Sunday, January 20, 2013
Sandhill Crane Festival
As we arrived at Hiwassee Wildlife Refuge, a heavy layer of frost coated everything. Only two or three birds could be seen through the fog, and even they disappeared as the fog thickened. I assumed there was water somewhere, but we sure couldn't see it. The strange rattling kar-r-r-o-o-o drifted up to the birders sipping coffee as they waited for the fog to lift. Sounding and looking like ghosts, one or two of these large birds appeared and faded into the fog calling... By 10:30 we had enough light to see the water, and hoped to see thousands of Sandhill Cranes.
Birders are used to this though. "Oh, yeah," someone says, "We have thousands of _____ (fill in the blank with the name of the birds you want to see)." But it rained all week in Tennessee and most of them must have moved elsewhere. The birds we saw, however, were beautiful as they grazed in the corn stubble along the water's edge. All cranes are omnivorous. Sandhill Cranes are generalists and feed on a wide variety of plant tubers, grains, small vertebrates (e.g. mice and snakes), and invertebrates such as insects or worms. Sandhills find these foods in uplands and in shallow wetlands. Like most cranes, flightless chicks forage primarily on a diet of insects and other protein filled foods during their early stages of rapid growth. The Sandhill's tendency to feed on plant tubers creates conflicts with farming. Sandhill Cranes are adept at probing in the ground and finding planted agricultural seeds such as corn. When large flocks of cranes feed on planted fields, the damage they cause to an unprotected crop can be severe enough to force the farmer to replant the entire field.
A speaker from the International Crane Foundation, in Baraboo, WI, expanded our knowledge of cranes. The different sub-species of Sandhill Crane vary greatly in size and weight. Lesser Sandhills, who breed at more northern latitudes such as the arctic, are the smallest, weighing on average about 6-7 pounds and standing 3-3.5 feet tall. At the other end of the extreme, temperate-nesting Greater Sandhills (the ones we saw) are the largest sub-species and average 4.5-5 feet tall and 10-14 pounds. Body plumage is characterized by varying shades of gray. In many areas, wild Sandhills preen iron-rich mud into their feathers creating a deep rusty brown hue which lasts during spring and summer. As fall advances, these rusty feathers molt and the birds return to their grayish appearance.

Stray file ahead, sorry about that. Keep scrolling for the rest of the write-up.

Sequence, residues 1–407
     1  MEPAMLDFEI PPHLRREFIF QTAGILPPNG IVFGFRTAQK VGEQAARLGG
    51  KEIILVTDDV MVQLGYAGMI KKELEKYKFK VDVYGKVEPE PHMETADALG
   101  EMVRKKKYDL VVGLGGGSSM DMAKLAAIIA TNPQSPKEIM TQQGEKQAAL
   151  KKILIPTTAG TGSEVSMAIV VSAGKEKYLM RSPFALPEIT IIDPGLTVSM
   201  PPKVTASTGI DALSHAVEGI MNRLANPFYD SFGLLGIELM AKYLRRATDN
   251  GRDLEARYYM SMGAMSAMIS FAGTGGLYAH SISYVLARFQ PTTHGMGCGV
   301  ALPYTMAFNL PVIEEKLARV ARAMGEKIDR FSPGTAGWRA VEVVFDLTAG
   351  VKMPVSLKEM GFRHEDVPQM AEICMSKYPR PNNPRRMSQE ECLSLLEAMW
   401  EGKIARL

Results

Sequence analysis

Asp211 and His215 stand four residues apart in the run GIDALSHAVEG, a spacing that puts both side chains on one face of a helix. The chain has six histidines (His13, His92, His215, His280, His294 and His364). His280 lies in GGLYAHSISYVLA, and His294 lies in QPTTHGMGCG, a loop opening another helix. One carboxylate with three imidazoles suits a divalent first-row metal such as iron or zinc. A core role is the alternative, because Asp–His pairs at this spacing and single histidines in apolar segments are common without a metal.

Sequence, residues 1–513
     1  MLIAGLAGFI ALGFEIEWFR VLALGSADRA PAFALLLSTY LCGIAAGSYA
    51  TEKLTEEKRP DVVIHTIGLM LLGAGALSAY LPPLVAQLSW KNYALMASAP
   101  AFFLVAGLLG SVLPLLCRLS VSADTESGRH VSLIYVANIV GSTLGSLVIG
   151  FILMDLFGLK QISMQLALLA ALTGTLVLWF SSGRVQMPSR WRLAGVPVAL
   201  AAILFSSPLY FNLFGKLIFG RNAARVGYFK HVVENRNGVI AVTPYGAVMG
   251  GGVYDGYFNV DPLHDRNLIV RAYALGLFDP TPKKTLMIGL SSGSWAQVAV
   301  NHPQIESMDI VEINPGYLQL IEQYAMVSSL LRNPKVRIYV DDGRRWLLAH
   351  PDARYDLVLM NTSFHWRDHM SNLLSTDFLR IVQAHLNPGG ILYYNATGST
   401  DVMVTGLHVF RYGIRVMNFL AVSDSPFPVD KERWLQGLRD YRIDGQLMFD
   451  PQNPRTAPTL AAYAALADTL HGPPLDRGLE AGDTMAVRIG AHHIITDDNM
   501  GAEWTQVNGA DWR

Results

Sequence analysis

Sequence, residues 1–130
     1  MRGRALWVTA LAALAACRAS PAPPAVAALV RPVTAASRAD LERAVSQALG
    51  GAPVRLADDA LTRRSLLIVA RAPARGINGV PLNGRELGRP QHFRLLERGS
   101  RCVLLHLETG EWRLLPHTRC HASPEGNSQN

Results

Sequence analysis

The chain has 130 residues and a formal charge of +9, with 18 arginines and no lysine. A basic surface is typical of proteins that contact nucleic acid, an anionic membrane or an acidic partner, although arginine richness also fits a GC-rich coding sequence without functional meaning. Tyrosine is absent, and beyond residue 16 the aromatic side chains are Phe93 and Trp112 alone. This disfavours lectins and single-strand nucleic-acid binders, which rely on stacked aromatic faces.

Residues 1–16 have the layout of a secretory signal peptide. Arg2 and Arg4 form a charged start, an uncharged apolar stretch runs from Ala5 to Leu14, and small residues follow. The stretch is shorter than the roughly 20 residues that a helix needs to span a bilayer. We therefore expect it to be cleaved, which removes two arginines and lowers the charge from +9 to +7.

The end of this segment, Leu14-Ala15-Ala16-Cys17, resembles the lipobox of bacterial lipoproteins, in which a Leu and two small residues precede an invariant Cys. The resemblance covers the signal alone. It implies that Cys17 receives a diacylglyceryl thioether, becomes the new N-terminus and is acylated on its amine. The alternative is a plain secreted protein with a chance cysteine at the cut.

We all scanned the air for more birds. You could find a few flying together, but if you looked closely, more and more skeins (I think that's what they are called) could be seen in the distance. The sun was warm and bright, and I think many of the cranes took advantage of the good weather to continue their migration southward. I'm not really sure how much farther these birds might go, since it is the middle of January already. Different populations travel to different wintering grounds. Dick and some of the others saw a few Whooping Cranes, but I missed them.
Throughout the day, we had great luck finding raptors. Several different Bald Eagles, both adults and immatures came to the Refuge, along with a Golden Eagle. As we debated the identity of these brown eagles, one birder came up with a good rule of thumb. "Think chocolate," he advised. "The Golden Eagle is the color of milk chocolate and the Bald Eagle is more like dark chocolate." Sounds good to me! We also spied a Merlin, American Kestrels, lots of Red Tail Hawks, a pair of Northern Harriers and a Cooper's Hawk. In my book, this certainly made up for a rather slow day for the Cranes!
The Tennessee Sandhill Crane Festival is run entirely by volunteers, and they don't charge anything to attend. Kudos to everyone who worked so hard all weekend - the volunteer birders, shuttle bus drivers, TWRA, and all the sponsors and vendors. It's hard to choose between wonderful presentations in a room vs. freezing your toes off in the field for the bird of a lifetime! Brian "Fox" Ellis, the storyteller, attended the dinner Saturday night as Charles Darwin. Since I studied Darwin after our trip to the Galapagos, I especially enjoyed his performance. I understand, however, that the little country school that serves as home base for the festival, will be closing next year, and hope they can make new arrangements. After all, you never know which year will be the one when there actually ARE thousands of cranes to be seen! Birders are always hopeful!